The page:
Iran: President Rouhani's popularity 'soaring'
More than 80 percent of Iranians view President Hassan Rouhani in a favourable way, with many showing strong support in the aftermath of the nuclear agreement, according to a survey by IranPoll.com.
The report, conducted for the University of Maryland, shows that three in four Iranians support the nuclear agreement and 89 percent view Rouhani in a favourable way.
In addition to this, 60 percent want the president's allies and supporters to win control of parliament in February elections.
However, much of this support is based on misperceptions about Iran's commitments under the agreement and "unrealistic expectations about its likely economic benefits", reports the UK’s The Guardian.
For example, a majority, 56 percent, incorrectly believe Iran has not agreed to limit its nuclear research and development activities, while 61 percent incorrectly believe there are no conditions under which the International Atomic Energy Agency is permitted to inspect Iranian military sites.
A total of 59 percent also believe that all US sanctions will be lifted, even if they do not relate to the nuclear programme.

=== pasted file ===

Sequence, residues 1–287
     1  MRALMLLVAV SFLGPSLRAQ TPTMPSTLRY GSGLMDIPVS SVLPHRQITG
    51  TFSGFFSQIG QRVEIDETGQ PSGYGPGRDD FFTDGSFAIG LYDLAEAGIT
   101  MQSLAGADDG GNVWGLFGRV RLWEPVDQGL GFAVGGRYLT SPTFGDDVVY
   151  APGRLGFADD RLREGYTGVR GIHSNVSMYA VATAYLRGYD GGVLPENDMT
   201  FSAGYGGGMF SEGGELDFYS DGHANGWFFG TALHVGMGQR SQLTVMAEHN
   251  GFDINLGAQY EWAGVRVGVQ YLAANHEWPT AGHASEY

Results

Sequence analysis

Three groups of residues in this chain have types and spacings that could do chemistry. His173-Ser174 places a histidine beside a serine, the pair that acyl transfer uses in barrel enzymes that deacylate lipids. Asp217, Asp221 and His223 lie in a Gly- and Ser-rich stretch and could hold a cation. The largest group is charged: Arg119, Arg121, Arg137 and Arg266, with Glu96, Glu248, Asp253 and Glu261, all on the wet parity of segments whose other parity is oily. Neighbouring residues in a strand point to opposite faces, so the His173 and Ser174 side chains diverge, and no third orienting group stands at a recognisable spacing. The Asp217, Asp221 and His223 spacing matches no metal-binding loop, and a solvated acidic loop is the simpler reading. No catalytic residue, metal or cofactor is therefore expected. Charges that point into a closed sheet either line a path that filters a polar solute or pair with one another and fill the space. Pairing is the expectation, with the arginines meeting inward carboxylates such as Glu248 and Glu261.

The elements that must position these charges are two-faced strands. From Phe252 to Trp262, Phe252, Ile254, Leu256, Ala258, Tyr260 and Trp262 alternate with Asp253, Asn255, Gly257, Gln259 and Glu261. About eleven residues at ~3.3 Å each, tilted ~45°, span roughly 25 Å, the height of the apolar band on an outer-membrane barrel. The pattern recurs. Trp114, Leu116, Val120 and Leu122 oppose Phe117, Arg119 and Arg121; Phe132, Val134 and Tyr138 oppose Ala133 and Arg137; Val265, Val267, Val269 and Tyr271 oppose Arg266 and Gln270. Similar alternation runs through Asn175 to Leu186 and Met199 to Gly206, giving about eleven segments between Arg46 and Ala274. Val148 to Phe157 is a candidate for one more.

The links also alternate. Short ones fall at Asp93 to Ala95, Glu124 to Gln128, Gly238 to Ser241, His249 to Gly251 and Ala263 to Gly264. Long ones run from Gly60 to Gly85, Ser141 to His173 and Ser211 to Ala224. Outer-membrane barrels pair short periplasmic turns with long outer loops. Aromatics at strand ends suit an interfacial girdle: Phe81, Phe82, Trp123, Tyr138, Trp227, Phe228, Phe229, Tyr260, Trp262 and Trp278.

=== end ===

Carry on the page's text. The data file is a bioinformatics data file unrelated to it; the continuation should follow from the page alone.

This, however, could put Rouhani in a vulnerable position when Iranians become more informed about the deal, writes The Guardian.
Larijani pushes for agreement
Iran's parliament speaker on Sunday urged lawmakers to decide on a landmark agreement reached with world powers.
The official IRNA news agency quoted Ali Larijani as telling members of parliament that "the more it is delayed, it harms us."
Supreme Leader Ayatollah Ali Khamenei, who has final say on all state matters, has said it is up to legislators to approve or reject the deal. It's not clear whether parliament will hold an up-or-down vote on the agreement, or whether a majority of lawmakers support the deal.
Larijani said Iran had expected Washington take longer to approve the deal given opposition to it in the Republican-led Congress. However, US President Barack Obama won enough Democratic support to prevent Congress from derailing the agreement or forcing him to use his veto.
Iran's parliament is expected to enter final discussions on the agreement next week.
A special parliamentary committee that is in charge of reviewing the deal has urged the government to stand firm in its refusal to allow inspectors to visit military sites or interview nuclear scientists.